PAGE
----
What is a Co-Bot?

How collaboration robots are transforming the workplace

When people think of robots, they often picture a fantastical army of anthropomorphic machines marching down the street, with machine guns for arms and freakishly soulless eyes, in a dystopian future where cars fly and humans are hunted for sport.

To those people, I say, maybe it’s time to cool it on the Will Smith movies for a while.

The reality is that we are a long, long ways away from robots being anywhere near the level of being able to think for themselves (that is, without human input)...if, indeed, it ever happens. In fact, it will probably help dispel this fear of autocratic machines taking over the world to just think of the majority of today’s robots as what they actually are: co-bots.

Robotics Business Review perfectly sums up the central idea behind cobots: “by allowing human beings and machines to work together in the same space, we harness the creativity and problem solving of people and the repeatability and tireless precision of robotics.”

Difference between cobots and robots


Co-bots, or collaborative robots, refer to any robot that has been designed to work alongside people. These robots don’t replace a human workforce, but rather, they complement us in the workplace.

An industrial robot is a mighty machine that is usually caged for safety reasons while it operates large payloads on often dangerous, heavy-duty engineer-programmed tasks in place of humans, and is often prohibitively expensive for most businesses. A cobot, by contrast, is an easily programmable, fast-learning and interactive machine that works with humans to assist with tasks that are often seen as tedious or strenuous, and they’re becoming increasingly affordable.

It may help to think of a cobot to be like an extension of your own body -- like adding extra arms or legs that can operate independently. Basically, these helpful robotic auxiliaries are going to make it impossible to use the excuse, “I only have two hands!”

Examples of cobots in action


Companies around the world are already taking advantage of the many benefits cobots offer.

  • Hyundai equips its engineers with exoskeletons to give their strength and endurance a significant boost on the job.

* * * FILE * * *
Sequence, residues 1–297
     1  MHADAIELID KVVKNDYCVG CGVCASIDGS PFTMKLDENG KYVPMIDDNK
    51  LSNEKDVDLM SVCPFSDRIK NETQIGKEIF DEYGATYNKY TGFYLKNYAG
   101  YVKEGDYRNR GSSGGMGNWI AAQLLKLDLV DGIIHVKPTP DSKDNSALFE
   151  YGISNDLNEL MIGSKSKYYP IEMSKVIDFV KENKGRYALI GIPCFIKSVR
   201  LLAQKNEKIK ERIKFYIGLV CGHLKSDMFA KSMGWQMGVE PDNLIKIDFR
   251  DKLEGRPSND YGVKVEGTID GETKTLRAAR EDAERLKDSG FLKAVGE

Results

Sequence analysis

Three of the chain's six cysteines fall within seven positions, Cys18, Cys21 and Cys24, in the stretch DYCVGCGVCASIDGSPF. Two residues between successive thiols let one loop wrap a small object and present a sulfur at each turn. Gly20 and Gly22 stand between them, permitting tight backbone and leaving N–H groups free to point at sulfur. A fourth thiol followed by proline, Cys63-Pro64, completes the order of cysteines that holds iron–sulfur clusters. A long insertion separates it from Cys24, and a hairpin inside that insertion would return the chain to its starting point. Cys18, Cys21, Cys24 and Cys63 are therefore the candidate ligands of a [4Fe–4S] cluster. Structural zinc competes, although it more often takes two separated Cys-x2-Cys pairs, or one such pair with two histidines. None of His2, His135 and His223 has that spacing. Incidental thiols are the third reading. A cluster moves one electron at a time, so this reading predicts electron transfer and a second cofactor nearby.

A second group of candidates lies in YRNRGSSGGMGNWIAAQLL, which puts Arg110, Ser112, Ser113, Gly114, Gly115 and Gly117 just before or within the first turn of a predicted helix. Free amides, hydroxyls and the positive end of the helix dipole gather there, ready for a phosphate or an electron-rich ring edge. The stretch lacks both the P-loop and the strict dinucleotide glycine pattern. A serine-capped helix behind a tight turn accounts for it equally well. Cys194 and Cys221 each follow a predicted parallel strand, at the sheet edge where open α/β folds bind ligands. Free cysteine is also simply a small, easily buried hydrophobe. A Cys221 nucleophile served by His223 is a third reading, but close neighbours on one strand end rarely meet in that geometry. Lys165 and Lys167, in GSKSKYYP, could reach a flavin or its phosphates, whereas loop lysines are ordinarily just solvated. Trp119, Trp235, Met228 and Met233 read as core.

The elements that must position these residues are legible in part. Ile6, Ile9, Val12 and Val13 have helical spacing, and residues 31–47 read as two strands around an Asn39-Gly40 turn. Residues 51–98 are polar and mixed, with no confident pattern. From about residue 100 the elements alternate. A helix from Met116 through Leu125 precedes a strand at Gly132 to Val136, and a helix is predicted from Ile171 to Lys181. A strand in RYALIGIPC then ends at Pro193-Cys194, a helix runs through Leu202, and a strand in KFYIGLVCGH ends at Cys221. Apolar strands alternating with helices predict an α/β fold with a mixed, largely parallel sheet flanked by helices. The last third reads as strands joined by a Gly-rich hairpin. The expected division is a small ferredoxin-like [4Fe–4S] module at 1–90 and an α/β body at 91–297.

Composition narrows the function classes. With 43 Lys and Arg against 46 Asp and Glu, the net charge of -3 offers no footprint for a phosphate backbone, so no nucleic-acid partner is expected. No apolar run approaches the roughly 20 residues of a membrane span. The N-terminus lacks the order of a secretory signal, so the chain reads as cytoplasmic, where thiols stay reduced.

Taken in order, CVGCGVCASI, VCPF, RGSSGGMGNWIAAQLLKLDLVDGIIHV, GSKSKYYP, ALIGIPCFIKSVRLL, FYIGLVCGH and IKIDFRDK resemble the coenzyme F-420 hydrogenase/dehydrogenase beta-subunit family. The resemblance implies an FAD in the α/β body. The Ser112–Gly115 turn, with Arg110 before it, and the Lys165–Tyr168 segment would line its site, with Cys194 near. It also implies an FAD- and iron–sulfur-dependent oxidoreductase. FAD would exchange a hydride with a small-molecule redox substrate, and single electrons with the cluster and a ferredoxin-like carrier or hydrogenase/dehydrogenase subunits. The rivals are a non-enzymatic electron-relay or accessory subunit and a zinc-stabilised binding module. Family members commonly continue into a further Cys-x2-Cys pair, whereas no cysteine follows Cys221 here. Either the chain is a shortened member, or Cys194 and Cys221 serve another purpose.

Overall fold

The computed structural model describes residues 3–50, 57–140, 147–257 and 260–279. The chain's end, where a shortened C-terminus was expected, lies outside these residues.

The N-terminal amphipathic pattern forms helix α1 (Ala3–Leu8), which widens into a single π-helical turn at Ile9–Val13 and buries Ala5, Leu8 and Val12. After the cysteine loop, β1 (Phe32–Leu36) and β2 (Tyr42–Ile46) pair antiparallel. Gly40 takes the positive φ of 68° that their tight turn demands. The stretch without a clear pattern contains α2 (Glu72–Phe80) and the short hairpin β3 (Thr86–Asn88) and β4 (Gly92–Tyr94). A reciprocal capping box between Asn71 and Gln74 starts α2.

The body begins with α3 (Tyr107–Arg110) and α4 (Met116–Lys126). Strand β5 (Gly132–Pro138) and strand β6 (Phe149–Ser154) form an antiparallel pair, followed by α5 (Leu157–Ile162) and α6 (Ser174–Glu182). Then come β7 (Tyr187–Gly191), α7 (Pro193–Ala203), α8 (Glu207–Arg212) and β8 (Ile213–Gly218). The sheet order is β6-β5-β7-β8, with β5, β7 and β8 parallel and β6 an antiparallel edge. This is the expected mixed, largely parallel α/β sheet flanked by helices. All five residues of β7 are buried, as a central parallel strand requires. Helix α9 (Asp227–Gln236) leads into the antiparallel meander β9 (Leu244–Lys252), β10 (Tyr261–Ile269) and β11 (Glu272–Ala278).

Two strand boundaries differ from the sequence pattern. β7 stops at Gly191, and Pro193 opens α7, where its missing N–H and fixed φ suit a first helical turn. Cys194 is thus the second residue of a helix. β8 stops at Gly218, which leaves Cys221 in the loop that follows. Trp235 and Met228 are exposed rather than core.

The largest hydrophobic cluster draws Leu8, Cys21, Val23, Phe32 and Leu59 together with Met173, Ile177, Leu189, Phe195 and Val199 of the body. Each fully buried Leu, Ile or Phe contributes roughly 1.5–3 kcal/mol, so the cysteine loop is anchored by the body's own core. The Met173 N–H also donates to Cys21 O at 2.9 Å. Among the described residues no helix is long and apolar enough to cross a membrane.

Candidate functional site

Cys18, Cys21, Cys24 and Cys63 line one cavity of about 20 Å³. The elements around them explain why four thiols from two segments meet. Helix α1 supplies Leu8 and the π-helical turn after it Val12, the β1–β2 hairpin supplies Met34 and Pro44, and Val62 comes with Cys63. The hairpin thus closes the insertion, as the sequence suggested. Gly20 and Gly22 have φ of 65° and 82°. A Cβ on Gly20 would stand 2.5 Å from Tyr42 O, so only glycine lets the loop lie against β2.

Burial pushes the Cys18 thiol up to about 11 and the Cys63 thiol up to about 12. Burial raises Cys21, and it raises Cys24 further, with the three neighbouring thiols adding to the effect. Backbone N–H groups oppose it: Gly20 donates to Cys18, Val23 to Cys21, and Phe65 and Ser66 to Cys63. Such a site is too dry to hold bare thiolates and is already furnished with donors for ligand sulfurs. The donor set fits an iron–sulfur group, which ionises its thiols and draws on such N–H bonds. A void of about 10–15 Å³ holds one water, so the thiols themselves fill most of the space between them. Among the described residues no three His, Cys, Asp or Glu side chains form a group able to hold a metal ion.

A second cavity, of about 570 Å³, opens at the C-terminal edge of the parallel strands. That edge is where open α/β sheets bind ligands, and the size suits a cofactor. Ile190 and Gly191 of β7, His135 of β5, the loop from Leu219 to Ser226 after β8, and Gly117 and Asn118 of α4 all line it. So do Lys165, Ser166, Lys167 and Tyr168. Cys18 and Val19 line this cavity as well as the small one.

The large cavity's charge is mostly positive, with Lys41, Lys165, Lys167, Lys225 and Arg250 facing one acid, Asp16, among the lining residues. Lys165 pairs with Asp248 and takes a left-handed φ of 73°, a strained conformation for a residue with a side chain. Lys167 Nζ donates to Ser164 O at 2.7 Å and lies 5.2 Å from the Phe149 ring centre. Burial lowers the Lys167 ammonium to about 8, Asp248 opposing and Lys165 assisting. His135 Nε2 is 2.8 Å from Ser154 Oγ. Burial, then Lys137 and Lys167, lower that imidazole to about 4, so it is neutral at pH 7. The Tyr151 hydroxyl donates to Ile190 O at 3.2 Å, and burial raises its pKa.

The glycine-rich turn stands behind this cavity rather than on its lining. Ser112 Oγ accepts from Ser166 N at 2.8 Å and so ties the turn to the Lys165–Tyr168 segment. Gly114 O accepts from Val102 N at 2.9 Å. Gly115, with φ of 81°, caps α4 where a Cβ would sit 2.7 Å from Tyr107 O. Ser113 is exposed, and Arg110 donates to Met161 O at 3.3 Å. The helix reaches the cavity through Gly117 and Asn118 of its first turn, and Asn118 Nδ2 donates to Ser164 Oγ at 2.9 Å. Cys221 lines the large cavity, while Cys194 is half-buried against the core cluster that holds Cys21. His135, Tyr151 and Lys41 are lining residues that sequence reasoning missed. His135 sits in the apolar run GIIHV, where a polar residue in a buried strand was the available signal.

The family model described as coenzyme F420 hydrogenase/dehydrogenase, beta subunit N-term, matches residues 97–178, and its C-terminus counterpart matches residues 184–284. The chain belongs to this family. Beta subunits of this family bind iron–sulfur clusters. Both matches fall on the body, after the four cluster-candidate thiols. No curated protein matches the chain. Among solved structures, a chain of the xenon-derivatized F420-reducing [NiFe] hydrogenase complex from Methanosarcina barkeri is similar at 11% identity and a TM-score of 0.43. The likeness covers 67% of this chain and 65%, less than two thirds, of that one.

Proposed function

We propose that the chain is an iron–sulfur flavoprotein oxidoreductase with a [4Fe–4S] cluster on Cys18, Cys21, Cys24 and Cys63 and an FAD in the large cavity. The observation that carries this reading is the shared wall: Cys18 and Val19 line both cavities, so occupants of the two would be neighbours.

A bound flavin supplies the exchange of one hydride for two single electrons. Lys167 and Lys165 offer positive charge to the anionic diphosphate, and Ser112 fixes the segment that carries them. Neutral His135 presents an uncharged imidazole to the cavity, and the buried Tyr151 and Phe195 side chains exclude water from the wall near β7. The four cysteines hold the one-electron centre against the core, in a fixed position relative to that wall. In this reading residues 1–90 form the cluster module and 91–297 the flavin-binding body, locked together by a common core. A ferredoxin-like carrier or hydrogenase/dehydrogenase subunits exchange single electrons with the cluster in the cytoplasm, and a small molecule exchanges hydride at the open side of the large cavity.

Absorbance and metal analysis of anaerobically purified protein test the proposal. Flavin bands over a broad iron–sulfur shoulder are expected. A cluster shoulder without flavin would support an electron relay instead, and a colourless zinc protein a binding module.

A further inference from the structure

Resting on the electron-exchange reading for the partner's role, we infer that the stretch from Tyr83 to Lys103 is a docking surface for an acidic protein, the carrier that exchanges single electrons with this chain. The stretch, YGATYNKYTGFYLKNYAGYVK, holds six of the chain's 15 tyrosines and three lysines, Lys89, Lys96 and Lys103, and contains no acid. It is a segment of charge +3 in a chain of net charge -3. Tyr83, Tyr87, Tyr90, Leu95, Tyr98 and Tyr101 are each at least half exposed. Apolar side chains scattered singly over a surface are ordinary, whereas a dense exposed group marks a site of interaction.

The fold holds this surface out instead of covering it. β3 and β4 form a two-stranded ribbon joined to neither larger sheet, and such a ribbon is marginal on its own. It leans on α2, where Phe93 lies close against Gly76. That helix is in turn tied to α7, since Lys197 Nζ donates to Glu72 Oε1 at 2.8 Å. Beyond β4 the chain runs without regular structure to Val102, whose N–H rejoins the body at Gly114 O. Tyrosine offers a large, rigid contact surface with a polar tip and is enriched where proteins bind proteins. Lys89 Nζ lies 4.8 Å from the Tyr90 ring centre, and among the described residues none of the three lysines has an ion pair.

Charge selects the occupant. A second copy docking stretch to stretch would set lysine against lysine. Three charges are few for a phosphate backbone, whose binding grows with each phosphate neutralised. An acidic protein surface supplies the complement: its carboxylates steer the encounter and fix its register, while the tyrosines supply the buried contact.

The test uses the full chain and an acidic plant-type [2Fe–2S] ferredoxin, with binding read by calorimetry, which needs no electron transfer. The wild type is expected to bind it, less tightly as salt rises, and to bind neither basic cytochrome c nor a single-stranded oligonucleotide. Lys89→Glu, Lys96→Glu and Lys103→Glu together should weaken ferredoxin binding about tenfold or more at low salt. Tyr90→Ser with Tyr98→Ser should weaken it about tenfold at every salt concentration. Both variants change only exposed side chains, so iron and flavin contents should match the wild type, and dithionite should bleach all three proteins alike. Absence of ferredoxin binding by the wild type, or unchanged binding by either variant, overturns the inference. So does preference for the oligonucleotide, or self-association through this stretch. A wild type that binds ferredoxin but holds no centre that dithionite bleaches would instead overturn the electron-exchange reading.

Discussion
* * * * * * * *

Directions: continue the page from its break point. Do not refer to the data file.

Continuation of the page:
• Copenhagen University Hospital uses cobots to handle and sort blood samples for analysis, enabling the lab to deliver more than 90 percent of results within 1 hour.
  • DHL has started using cobots to assist in order fulfilment. The bots work alongside humans, helping to locate and collect items for shipment.
  • In Sweden, the LEAX Group makes use of three robotic arms, which change bits in shaving machines.
  • In Switzerland, kitchen unit manufacturer Franke Esben Østergaard uses a cobot to glue mounting blocks to units. They also perform screwdriving, welding, and polishing tasks.
  • In France, cobots video Champion’s League football games in France
    • In the agricultural industry, cobots are learning to spray iodine on cow udders before they’re milked.
    • In the clothing industry, cobots are customising flip-flops based on 3D feet scans.

    How you could use a cobot in your business


    Cobots are currently used in manufacturing industries that include automotive, electronics, chemical products, and food. Among their many tasks are:

    • Packaging finished goods
    • Palletising
    • Quality inspection
    • Lifecycle testing
    • Machine tending
    • Picking things up and placing things down
    • Anything that is considered monotonous, repetitive, and sometimes even dangerous
    • Assembly of goods
    • Tool application (screwing, bolting, welding, gluing, drilling)

    The future of cobots


    Mitsubishi announced its first cobot, the Melfa Assista, in October 2019. This new cobot will go on sale in Q1 2020, and is set to cost $33,600 USD. The six-axis machine has a 900 mm reach, with a positioning accuracy repeatability of around 0.02 mm, compared to most cobots which have an accuracy of 0.1 mm.

    The company developed an intuitive Windows-based environment for programming the cobot’s movements. Users can simply drag and drop icons to set up the cobot’s arm movements, and even easily simulate operations in 3D before giving the robot the go-ahead to perform them in real life.

    The cobot has a direct control mode that allows the operator to manipulate the arm in real life - the action is memorised and recorded, so that the cobot can then repeat the motion sequence easily in future.

    As we enter the era of cobots, we’ll see increased market adoption amongst manufacturers of all sizes. Prices will become increasingly affordable, and the bots will become better at what they do as their machine learning increases too.

    Cobots will undoubtedly become more human-like in their actions, as well as in their intelligence. But it gets even cooler than that - as brain-computer interfaces develop, we could be looking at the possibility of being able to control the machines with our minds, also known as consensual telepathy. That’s probably not going to happen in 2020, mind you.

    The cobot offers the potential to transform the workplace as we know it today. These friendly, helpful machines ought not be feared, but rather welcomed. After all, whose team and workplace couldn’t benefit from a little upgrading and assistance?



    Sources:

    • https://www.roboticsbusinessreview.com/manufacturing/the-future-of-cobots-adaptive-thought-control/. Accessed 19 Nov. 2019.
      https://www.nist.gov/blogs/man...
    • https://drivesncontrols.com/news/fullstory.php/aid/6157/Mitsubishi_enters_cobot_fray_with_precision_six-axis_arm.html
    • https://www.washingtonpost.com/national/health-science/brain-computer-interfaces-are-coming-consensual-telepathy-anyone/2017/06/09/9345c682-46ef-11e7-98cd-af64b4fe2dfc_story.html


     

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